By Trish Johnson, PAg, Agriculture Programs Specialist, North Battleford
Craig Conacher started bison ranching in 2013. He had roots in the industry; his father had been in the bison business 20 years earlier before dispersing the herd and venturing into elk.
“The fencing and much of the infrastructure was already there,” said Conacher. “It was a pretty easy shift back to bison for me.”
However, over the years, the bison handling equipment on Conacher’s Mervin area farm had aged.
At the annual Saskatchewan Bison Association annual meeting in 2019, Conacher learned about the Assurance System Producer Program for bison, offered under the Canadian Agricultural Partnership. This program assists producers in improving animal welfare and biosecurity practices by providing funding for the purchase of approved eligible equipment. Conacher saw the program as an opportunity to improve his ranching operation. He has 200 bison cows in addition to more than 500 bison he is finishing, so he already met the basic requirements by being able to demonstrate a minimum of $50,000 gross farm income in Saskatchewan and having a premises identification number.
Conacher completed the first step toward being eligible for funding by completing the Bison Biosecurity and Welfare Program training offered by the Saskatchewan Bison Association. They reviewed the Code of Practice for the care and handling of bison, which highlights both recommended practices and required practices for all bison producers, including herd health management, handling and transportation.
“I already had experience with bison, but this training provided me with an even better understanding of their behavior,” Conacher said. “This knowledge is valuable since bison can become unpredictable if not handled in the proper manner.”
In order to qualify for funding, applicants must also complete a veterinarian assessment. Once Conacher received his program training certificate, he contacted his veterinarian to request his on-farm veterinarian assessment. The veterinarian assessed the general herd health, health records and handling facilities on their operation. From that assessment, the veterinarian provided Conacher with an Equipment Recommendation Report which listed the animal welfare improvements he recommended they purchase. The Equipment Recommendation Report is valid for two years from the time of the assessment.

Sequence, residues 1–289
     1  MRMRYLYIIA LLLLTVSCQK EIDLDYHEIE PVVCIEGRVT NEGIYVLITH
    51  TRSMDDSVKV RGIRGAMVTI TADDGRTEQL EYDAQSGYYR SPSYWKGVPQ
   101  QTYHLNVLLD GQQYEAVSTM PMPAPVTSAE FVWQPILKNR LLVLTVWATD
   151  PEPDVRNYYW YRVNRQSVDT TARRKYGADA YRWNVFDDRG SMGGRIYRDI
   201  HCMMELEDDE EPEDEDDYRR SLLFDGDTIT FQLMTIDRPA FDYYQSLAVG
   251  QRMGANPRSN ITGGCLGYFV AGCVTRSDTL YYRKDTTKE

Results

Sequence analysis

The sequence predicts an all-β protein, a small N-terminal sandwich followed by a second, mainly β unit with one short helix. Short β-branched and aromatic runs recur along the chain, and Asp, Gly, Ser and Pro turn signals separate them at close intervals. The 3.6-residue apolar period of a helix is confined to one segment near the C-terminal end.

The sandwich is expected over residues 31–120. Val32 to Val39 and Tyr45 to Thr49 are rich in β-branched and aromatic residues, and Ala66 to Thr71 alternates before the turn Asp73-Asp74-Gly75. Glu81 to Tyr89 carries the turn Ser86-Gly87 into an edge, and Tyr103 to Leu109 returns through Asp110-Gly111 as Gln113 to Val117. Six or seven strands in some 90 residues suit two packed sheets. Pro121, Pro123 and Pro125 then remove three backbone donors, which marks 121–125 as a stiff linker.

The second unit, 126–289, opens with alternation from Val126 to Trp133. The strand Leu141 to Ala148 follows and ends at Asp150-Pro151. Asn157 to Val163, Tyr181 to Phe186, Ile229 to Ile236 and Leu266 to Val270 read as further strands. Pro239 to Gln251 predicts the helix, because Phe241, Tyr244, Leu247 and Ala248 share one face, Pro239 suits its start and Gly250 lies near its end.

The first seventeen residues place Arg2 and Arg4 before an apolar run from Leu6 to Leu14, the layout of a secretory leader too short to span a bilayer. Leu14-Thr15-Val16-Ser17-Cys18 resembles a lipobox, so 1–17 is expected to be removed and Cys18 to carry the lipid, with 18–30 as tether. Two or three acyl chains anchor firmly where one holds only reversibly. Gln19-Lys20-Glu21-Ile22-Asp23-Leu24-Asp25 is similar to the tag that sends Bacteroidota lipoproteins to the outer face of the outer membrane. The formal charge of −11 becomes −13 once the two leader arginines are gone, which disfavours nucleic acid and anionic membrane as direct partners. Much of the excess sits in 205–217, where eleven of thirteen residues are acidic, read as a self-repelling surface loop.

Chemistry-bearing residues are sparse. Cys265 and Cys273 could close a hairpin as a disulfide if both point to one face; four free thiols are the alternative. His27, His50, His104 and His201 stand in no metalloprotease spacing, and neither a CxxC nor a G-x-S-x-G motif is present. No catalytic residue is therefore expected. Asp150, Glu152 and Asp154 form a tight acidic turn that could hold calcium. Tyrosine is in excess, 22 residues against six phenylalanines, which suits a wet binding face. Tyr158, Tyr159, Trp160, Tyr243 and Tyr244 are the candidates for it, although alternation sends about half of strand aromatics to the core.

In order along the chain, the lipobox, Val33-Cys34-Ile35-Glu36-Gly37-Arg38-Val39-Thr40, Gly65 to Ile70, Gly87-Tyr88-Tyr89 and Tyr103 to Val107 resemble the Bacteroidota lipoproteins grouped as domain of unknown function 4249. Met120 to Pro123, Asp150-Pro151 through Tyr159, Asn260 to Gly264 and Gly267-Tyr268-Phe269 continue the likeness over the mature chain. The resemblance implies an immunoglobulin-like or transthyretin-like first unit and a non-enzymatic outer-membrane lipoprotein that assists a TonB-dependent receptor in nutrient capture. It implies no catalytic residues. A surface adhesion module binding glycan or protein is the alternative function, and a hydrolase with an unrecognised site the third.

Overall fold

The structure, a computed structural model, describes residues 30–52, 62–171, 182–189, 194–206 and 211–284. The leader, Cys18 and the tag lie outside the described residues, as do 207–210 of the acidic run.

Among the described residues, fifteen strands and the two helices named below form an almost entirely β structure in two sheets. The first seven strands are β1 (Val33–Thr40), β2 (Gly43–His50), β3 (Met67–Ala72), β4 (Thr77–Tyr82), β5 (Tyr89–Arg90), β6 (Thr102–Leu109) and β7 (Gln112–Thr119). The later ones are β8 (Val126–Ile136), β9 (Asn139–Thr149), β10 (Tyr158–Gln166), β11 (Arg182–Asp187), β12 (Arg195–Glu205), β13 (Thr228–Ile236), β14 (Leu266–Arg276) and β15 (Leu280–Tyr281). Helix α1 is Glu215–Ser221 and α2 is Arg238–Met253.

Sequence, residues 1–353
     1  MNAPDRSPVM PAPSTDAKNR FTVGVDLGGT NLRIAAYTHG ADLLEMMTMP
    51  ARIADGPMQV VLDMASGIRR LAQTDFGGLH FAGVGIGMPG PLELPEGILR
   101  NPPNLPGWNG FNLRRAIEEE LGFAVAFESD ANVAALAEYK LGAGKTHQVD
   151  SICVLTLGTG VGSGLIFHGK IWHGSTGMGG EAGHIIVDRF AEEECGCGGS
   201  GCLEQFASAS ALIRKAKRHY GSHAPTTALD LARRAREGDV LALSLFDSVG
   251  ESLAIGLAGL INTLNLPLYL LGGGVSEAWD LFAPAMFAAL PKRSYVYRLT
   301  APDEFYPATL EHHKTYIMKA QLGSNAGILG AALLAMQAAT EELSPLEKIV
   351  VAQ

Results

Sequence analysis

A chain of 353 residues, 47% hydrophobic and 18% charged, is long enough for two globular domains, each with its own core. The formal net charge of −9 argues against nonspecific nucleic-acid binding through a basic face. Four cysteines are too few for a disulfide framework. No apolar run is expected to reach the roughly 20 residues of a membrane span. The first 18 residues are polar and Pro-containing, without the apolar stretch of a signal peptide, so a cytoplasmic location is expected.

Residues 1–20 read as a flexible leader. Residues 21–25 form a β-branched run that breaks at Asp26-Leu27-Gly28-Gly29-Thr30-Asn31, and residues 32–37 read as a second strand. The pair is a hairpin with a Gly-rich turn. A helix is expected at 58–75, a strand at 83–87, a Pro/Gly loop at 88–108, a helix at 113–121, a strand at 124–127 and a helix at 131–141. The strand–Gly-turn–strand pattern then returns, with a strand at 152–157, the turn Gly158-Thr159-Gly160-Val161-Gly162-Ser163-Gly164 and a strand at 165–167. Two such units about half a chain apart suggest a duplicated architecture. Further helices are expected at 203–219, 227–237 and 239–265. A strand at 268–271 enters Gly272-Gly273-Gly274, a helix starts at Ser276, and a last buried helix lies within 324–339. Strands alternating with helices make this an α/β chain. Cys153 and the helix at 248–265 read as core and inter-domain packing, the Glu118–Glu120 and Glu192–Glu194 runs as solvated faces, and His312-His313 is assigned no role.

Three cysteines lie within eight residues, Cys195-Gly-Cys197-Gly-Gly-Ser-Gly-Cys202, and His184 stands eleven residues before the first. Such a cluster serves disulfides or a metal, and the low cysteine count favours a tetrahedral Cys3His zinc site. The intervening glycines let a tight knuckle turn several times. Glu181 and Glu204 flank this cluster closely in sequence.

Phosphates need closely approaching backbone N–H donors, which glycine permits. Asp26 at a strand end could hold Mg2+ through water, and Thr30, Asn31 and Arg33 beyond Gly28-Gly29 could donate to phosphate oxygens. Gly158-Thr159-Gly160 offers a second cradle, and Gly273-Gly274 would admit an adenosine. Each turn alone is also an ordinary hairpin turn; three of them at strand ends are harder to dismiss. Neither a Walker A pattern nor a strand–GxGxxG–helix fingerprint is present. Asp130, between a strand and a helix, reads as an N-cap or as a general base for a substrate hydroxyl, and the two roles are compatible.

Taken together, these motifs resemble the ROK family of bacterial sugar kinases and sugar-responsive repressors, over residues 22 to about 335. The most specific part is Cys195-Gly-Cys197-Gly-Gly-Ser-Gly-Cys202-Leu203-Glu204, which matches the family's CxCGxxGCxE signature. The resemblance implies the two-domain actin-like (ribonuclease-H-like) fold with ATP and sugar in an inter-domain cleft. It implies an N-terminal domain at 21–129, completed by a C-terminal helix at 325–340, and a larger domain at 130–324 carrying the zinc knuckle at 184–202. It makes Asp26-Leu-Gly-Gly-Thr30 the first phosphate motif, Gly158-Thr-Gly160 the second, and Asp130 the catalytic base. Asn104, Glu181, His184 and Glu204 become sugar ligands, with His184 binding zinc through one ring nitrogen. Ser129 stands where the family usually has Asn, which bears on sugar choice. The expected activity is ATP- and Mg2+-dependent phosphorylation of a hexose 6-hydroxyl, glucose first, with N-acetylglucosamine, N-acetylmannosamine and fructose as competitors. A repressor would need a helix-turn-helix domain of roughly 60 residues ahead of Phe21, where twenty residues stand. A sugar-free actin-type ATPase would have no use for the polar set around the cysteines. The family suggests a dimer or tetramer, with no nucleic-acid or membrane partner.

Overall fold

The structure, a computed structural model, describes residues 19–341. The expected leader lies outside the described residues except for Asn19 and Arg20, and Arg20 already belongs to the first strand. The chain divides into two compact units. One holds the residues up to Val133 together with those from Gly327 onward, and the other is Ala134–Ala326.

Since the Conachers operate both a bison cow/calf and a bison finishing operation, they needed to improve their catch pens and loading chute. Bison are powerful, potentially aggressive and easily stressed, so they can't be safely herded like cattle. However, bison can still be calmly directed into catch pens for sorting and handling. Some of Conacher’s animals might be worked through their system up to four times per year, so they are trained to be somewhat familiar with the process. Having the training along with the proper facilities helps create a safer environment for both the bison and the producer.
Once Conacher purchased and installed the handling equipment he needed, he was able to apply for his rebate of 50 per cent of eligible costs up to a maximum of $15,000.
Along with the rebate application form, Conacher submitted his veterinarian’s Equipment Recommendation Report, the training completion certificate, copies of invoices for the equipment he had purchased and proof of payment.
“The application process was fairly straightforward,” Conacher explained.
Conacher said he looks forward to learning about other programs he can access through the Canadian Agricultural Partnership, which ends on Dec. 31, 2022.
To learn more about the Assurance Systems Producer Program, please contact the Agriculture Knowledge Centre at 1-866-457-2377 to be connected with your local agriculture programs specialist.